Sick absence has risen to the 2010 level and more employers are using flexible working in response to the rising trend.
The annual CIPD/Simplyhealth Absence Management survey reveals that, after a small decrease reported in last year’s survey, absence is back up to the levels observed in 2011 and 2010, at an average of 8.7 days per employee per year in the public services sector. Absence is lower in the private sector at 7.6 days per employee. In the
manufacturing and production sector it is 6 days per employee per year. Absence levels tend to increase with organisation size, regardless of sector.
With absence levels on the rise again, employers are attaching growing importance to making changes to working patterns and environments, as a means of managing long-term absence levels: 85% of employers reported that they’d adjusted working patterns this year, compared to just 65% in last year’s survey. This spike bucks the trend of previous years, with figures only marginally improving by 2% between 2010 and 2012.
Overall, two-thirds of working time lost to absence is accounted for by short-term absences of up to seven days. A fifth is attributed to long-term absences, four weeks or more. There are, however, significant sector differences. Just under half of absence in the public sector is short term, compared with over three-quarters in the private sector. Smaller organisations attribute a higher proportion of their absence to short-term leave compared with larger organisations.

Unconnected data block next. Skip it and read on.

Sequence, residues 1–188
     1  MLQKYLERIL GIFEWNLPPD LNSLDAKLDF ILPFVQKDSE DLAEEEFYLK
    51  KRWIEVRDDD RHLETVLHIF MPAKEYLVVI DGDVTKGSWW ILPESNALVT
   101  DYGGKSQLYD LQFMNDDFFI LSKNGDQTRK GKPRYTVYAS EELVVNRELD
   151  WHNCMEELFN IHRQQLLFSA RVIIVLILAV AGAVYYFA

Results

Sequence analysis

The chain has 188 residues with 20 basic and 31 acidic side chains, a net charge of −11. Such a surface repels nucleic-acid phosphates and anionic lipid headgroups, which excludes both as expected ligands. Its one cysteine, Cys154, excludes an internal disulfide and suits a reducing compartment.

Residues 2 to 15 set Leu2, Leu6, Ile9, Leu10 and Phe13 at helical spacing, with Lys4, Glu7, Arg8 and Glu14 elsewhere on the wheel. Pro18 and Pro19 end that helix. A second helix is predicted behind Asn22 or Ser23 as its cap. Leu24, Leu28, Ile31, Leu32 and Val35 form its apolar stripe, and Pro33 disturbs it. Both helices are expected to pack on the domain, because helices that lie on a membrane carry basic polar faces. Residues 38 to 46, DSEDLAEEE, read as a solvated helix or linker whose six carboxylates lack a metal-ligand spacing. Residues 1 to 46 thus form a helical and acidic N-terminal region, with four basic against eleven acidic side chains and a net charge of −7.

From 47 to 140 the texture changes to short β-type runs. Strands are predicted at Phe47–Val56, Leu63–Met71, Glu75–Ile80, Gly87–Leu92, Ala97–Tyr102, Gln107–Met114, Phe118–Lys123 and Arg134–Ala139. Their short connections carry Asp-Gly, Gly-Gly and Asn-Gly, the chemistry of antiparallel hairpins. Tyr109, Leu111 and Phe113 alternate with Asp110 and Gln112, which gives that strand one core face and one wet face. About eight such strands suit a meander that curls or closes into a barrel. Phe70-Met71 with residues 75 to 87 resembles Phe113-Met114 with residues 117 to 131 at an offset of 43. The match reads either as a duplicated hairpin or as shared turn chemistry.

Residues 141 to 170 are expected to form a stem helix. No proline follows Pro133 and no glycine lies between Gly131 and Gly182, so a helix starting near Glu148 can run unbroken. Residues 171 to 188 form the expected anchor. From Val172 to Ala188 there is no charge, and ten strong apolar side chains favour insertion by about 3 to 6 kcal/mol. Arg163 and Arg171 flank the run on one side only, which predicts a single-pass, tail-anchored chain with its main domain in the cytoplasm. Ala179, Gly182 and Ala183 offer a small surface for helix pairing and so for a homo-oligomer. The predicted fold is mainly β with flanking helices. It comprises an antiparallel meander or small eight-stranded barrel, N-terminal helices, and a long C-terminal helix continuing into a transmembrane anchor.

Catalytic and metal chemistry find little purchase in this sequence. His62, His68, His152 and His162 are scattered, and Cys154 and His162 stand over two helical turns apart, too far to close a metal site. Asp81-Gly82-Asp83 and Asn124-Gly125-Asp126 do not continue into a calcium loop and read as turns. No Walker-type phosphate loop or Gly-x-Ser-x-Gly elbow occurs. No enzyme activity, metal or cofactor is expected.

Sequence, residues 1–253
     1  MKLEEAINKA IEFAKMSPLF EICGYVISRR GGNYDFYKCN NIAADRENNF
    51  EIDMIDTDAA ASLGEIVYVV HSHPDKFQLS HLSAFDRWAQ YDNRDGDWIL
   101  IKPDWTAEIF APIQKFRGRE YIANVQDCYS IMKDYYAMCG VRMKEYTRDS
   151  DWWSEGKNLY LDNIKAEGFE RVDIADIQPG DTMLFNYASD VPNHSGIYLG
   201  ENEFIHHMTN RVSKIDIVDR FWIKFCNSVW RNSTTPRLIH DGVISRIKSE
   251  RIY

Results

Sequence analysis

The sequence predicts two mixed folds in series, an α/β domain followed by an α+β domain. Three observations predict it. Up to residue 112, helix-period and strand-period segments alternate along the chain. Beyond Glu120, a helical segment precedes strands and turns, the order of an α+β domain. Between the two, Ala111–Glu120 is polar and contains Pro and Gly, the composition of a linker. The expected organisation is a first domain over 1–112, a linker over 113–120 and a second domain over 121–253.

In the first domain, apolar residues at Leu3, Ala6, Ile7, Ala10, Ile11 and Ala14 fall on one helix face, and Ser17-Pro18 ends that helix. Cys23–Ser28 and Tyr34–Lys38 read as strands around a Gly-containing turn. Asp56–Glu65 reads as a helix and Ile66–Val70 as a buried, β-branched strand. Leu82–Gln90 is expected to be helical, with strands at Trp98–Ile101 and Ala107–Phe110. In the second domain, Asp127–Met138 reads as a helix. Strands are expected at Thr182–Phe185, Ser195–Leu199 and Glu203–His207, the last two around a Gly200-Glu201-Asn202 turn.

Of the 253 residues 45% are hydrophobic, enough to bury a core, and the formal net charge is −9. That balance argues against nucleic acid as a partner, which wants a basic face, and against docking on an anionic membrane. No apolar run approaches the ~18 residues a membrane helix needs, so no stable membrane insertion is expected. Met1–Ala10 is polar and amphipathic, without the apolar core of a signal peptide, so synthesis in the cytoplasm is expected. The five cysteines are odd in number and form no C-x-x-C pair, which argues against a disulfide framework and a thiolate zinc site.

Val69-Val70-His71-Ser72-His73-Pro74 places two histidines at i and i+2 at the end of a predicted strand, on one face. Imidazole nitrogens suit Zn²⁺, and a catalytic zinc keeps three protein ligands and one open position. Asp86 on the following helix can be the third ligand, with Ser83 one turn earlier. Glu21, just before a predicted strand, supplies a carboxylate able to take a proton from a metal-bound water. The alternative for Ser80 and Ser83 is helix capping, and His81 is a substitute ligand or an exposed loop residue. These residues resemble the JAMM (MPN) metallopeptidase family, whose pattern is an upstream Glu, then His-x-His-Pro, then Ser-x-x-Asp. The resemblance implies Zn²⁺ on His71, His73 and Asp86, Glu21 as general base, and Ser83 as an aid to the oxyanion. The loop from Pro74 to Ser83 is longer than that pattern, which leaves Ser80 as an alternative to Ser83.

The data suggests that employers are actively looking at what reasonable adjustments can be made at work to help employees return after a period of absence. For example, small changes to working hours, such as 10-6 instead of 9-5, could help employees better balance their responsibilities in and outside of work.
The benefit of changes to working patterns has been recognised by many employers, with over 70% of organisations reporting a positive impact on employee motivation and employee engagement. A further 46% also stated they were using flexible working options to support employees with mental health problems.
Flexible working patterns are also increasingly being used as a tool to manage short-term absence. This is particularly important given two thirds of working time lost to absence is accounted for by short-term absence. Worryingly a quarter of organisations say ‘pulling a sickie’ is still a common cause of short-term absence, which is an increase on last year’s figure of 17%.
Helen Dickinson, spokesperson for Simplyhealth UK said “The role of the line manager is essential. Flexible working works well when line managers and employers are aware of the different lifestyle demands employees may have. By helping employees to manage those demands better and perhaps adapting how, when or where the employee works can help to achieve greater commitment and motivation. As well as the employer’s role, employees must recognise that flexibility is two way and being adaptable to help the organisation succeed too. It is about building an environment where the employee can have open and honest conversations about the challenges they are facing.”